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Exemption for vertical supply and distribution agreements

Certain types of vertical agreements can improve economic efficiency within a production or distribution chain by facilitating better coordination between the participating undertakings, leading to a reduction in the transaction and distribution costs of the parties and to an optimisation of their sales and investment levels. Following the overall positive experience with the application of Regulation No 2790/1999, the Commission has adopted this new block exemption regulation.

ACT

Commission Regulation (EU) No 330/2010 of 20 April 2010 on the application of Article 101(3) of the Treaty on the Functioning of the European Union to categories of vertical agreements and concerted practices.

SUMMARY

Article 101(1) of the Treaty on the Functioning of the European Union (TFEU) (ex-Article 81(1) of the Treaty Establishing the European Community (TEC)) prohibits agreements that may affect trade between European Union (EU) countries and which prevent, restrict or distort competition. Agreements which create sufficient benefits to outweigh the anti-competitive effects are exempt from this prohibition under Article 101(3) TFEU (ex-Article 81(3) TEC).

Vertical agreements are agreements for the sale and purchase of goods or services which are entered into between companies operating at different levels of the production or distribution chain. Distribution agreements between manufacturers and wholesalers or retailers are typical examples of vertical agreements. Vertical agreements which simply determine the price and quantity for a specific sale and purchase transaction do not normally restrict competition. However, a restriction of competition may occur if the agreement contains restraints on the supplier or the buyer, for instance an obligation on the buyer not to purchase competing brands. These vertical restraints may not only have negative effects, but also positive effects. They may, for instance, help a manufacturer to enter a new market, or avoid the situation whereby one distributor ‘free rides’ on the promotional efforts of another distributor, or allow a supplier to depreciate an investment made for a particular client.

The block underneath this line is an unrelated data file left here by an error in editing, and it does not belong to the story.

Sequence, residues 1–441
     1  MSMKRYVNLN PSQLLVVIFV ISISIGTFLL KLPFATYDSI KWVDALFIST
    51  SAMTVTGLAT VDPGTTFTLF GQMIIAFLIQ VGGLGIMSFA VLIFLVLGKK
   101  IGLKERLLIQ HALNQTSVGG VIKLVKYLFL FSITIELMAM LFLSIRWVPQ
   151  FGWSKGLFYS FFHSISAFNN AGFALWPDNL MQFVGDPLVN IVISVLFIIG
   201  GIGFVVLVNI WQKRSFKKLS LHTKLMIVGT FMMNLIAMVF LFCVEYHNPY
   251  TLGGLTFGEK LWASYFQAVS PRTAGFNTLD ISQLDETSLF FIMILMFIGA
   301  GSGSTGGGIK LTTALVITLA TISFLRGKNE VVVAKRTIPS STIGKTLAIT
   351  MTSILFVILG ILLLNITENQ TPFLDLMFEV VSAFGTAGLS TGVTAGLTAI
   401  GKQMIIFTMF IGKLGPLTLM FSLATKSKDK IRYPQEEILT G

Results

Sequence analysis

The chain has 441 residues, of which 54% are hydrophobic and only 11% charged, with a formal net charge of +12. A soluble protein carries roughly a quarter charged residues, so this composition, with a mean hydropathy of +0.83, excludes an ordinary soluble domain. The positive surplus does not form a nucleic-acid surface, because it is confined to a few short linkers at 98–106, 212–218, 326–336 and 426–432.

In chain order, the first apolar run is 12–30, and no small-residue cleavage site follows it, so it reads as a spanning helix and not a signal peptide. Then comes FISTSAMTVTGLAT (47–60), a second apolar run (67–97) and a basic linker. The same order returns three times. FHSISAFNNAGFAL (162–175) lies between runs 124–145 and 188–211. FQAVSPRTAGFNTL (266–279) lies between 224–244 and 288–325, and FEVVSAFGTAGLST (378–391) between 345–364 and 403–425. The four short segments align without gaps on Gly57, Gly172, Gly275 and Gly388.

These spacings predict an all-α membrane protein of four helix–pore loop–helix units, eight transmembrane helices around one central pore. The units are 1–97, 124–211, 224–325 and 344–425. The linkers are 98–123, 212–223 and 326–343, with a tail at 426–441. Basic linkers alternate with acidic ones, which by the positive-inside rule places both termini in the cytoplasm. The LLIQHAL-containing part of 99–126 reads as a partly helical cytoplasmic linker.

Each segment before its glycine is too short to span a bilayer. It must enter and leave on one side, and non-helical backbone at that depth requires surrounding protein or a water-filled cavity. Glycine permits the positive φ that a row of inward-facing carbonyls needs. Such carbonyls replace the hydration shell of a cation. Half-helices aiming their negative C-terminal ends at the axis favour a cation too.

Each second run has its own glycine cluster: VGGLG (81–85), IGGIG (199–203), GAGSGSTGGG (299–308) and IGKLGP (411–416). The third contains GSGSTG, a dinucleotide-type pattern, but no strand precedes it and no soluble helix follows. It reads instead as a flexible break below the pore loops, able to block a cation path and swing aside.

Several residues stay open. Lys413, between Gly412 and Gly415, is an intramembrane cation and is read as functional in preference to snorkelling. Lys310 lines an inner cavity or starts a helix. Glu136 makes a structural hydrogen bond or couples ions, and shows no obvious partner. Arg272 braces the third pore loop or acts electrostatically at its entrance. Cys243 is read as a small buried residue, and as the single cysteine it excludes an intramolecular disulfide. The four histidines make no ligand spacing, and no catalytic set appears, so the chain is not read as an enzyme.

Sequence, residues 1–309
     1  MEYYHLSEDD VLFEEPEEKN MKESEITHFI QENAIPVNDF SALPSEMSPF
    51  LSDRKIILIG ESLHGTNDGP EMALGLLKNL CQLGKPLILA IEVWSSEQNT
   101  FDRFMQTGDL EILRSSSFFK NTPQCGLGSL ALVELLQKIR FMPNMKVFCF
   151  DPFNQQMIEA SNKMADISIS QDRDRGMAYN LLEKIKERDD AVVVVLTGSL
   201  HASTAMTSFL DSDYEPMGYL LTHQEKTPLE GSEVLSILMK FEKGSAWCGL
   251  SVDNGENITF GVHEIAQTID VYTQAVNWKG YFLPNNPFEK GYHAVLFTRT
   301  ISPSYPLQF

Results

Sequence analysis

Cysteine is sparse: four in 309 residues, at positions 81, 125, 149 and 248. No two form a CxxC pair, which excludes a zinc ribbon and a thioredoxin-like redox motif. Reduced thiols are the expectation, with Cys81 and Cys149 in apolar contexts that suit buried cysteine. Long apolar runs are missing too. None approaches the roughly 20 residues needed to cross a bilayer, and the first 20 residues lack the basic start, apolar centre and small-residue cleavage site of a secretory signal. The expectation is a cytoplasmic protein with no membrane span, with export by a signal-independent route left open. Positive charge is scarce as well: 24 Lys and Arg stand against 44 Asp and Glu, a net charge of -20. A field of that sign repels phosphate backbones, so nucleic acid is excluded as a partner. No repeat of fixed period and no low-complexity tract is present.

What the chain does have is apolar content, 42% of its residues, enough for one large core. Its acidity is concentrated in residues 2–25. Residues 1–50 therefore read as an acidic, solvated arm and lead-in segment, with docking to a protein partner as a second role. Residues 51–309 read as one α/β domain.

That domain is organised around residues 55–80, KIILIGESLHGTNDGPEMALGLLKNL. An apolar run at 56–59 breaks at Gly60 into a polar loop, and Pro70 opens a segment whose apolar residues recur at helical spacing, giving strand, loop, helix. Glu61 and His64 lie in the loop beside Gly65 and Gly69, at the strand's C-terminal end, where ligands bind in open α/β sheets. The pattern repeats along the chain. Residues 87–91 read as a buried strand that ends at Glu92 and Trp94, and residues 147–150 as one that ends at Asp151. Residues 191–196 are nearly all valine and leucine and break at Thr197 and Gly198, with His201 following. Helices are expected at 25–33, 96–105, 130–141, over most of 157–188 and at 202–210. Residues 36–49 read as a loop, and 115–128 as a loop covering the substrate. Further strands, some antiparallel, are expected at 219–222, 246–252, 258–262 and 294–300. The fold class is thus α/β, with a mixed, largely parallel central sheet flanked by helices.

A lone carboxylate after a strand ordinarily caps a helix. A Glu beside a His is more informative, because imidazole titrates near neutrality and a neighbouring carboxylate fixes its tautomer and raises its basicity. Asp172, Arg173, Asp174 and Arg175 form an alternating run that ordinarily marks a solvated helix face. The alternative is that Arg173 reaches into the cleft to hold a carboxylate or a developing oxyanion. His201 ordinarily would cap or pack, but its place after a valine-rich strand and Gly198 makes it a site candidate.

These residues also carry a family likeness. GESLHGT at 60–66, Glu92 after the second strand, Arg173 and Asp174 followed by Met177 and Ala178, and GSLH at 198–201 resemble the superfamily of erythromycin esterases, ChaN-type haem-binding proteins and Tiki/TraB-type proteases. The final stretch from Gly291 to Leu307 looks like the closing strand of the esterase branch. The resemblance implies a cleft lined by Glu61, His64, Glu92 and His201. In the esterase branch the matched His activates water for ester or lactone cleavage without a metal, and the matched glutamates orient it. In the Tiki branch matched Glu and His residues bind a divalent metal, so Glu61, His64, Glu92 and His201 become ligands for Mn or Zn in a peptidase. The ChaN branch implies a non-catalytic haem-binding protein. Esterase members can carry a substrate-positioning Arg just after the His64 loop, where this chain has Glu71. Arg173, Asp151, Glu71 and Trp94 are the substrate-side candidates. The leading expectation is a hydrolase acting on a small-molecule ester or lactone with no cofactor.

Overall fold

Whether a vertical agreement actually restricts competition and whether in that case the benefits outweigh the anti-competitive effects will often depend on the market structure. In principle, this requires an individual assessment. However, the Commission has adopted this Regulation (EU) No 330/2010, the Block Exemption Regulation (the BER), which provides a safe harbour for most vertical agreements. The BER renders, by block exemption, the prohibition of Article 101(1) TFEU inapplicable to vertical agreements which fulfil certain requirements. The Commission has also published guidelines on vertical restraints. These describe the approach taken towards vertical agreements not covered by the BER.

Requirements for application of the Block Exemption Regulation

The BER contains certain requirements that must be fulfilled before a particular vertical agreement is exempt from the prohibition of Article 101(1) TFEU. The first requirement is that the agreement does not contain any of the hardcore restrictions set out in the BER. The second requirement concerns a market share cap of 30 % for both suppliers and buyers. Thirdly, the BER contains conditions relating to three specific restrictions.